13 Weird Headlines From North Korea’s State-Run News Agency

Clickbait for lovers of thick woodland, soy-based dishes, and peerlessly great persons.

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North Korea’s state-run news, the Korean Central News Agency, is one of the few places for what passes for news in the so-called Hermit Kingdom. Every day, the KCNA posts its top stories, and much of it is predictable: harsh invective against South Korea and its “imperialist” backers in the United States, mixed in with effusive praise of leader Kim Jong Un and the previous Kims. (The younger Kim’s recent “discomfort”—thought to be gout—is conspicuously absent from its coverage.) This is an example of what’s considered front-page news:

The KCNA’s tone is singularly weird: an odd mix of stiffly-worded propaganda and attempts at hard-hitting, American-style political rhetoric. In its mission to portray North Korea as a prosperous, powerful, and widely-admired nation, the KCNA struggles mightily to write clickworthy headlines . Here are some of its best attempts from Juche 103 (that’s 2014 in the North Korean calendar):

“Kim Jong Un Gives Field Guidance to Pyongyang Hosiery Factory”

“Feats Made by Great Persons to Turn DPRK into Thick Woodland”

“Soy-based Dishes Popular at Cooking Festival”

“Exploits of Peerlessly Great Persons Highly Praised”

“US Troops Had Better Quit South Korea in Good Time”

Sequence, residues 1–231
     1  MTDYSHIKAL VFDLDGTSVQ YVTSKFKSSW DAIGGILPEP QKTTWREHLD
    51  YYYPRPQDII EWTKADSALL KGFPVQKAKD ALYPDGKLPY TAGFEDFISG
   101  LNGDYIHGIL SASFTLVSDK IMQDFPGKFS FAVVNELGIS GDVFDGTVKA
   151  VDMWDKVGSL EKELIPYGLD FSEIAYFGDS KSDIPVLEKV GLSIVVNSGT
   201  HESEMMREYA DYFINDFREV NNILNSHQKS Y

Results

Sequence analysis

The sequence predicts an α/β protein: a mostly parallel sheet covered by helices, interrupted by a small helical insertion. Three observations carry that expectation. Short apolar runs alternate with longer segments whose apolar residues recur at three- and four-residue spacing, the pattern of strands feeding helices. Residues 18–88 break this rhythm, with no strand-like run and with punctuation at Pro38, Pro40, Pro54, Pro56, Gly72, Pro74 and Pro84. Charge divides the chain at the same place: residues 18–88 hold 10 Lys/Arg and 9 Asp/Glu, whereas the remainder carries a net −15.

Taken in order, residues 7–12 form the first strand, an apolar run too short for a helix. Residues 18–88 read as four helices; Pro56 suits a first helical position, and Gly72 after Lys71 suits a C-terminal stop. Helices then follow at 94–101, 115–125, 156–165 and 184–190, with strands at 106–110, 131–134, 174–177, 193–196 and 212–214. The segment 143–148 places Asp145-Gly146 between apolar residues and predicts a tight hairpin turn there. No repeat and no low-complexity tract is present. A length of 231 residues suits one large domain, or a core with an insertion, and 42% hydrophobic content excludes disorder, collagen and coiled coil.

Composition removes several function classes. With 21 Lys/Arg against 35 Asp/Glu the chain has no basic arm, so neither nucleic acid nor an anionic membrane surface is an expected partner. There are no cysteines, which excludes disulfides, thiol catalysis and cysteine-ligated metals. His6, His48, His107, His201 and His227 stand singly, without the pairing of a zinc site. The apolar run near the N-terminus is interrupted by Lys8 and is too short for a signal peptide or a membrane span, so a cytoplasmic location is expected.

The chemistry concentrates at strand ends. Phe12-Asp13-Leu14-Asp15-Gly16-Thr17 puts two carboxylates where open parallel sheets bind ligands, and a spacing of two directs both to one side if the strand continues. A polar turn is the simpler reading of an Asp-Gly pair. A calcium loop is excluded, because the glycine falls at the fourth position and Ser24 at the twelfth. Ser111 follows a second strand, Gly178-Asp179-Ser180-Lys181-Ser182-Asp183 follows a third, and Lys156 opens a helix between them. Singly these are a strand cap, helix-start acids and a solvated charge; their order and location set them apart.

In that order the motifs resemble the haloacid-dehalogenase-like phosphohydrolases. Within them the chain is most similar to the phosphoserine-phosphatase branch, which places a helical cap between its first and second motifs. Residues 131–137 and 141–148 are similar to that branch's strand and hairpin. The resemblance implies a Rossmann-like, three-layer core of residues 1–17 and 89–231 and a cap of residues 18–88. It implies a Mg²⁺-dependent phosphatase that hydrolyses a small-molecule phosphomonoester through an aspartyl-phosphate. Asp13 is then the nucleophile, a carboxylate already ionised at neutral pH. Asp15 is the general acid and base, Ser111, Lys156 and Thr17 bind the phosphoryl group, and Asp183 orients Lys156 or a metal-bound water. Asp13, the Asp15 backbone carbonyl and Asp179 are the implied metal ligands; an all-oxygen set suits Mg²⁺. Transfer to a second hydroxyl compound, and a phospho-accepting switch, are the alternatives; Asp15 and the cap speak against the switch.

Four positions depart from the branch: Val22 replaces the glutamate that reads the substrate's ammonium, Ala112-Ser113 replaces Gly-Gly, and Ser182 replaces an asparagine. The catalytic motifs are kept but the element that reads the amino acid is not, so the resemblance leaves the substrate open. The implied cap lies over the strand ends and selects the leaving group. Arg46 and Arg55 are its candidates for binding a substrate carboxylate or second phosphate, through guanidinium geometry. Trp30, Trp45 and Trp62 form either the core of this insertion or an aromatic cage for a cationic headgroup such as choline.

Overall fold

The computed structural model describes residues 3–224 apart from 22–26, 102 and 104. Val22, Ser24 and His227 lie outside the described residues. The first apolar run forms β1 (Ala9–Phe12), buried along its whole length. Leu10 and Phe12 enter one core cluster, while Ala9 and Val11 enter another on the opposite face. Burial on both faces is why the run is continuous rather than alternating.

“Congratulatory Group of Koreans in Japan Visits Various Places”

“Pyongyang in Ecstasy of Joy at Asian Games News”

“Korean in U.S. Admires Reality of DPRK”

“Korean Organization in Germany Slams S. Korean Authorities’ Sycophantic Treachery”

“U.S. Periodically Renders Situation of Korean Peninsula Strained”

“Dancing Parties of Youth and Students Held”

“Kim Il Sung, Great Man Always Living in Hearts of World Progressives”

“Syrian President Supports Korean People in Their Struggle for National Reunification”

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THE BIG PICTURE

You expect the big picture, and it's our job at Mother Jones to give it to you. And right now, so many of the troubles we face are the making not of a virus, but of the quest for profit, political or economic (and not just from the man in the White House who could have offered leadership and comfort but instead gave us bleach).

In "News Is Just Like Waste Management," we unpack what the coronavirus crisis has meant for journalism, including Mother Jones’, and how we can rise to the challenge. If you're able to, this is a critical moment to support our nonprofit journalism with a donation: We've scoured our budget and made the cuts we can without impairing our mission, and we hope to raise $400,000 from our community of online readers to help keep our big reporting projects going because this extraordinary pandemic-plus-election year is no time to pull back.

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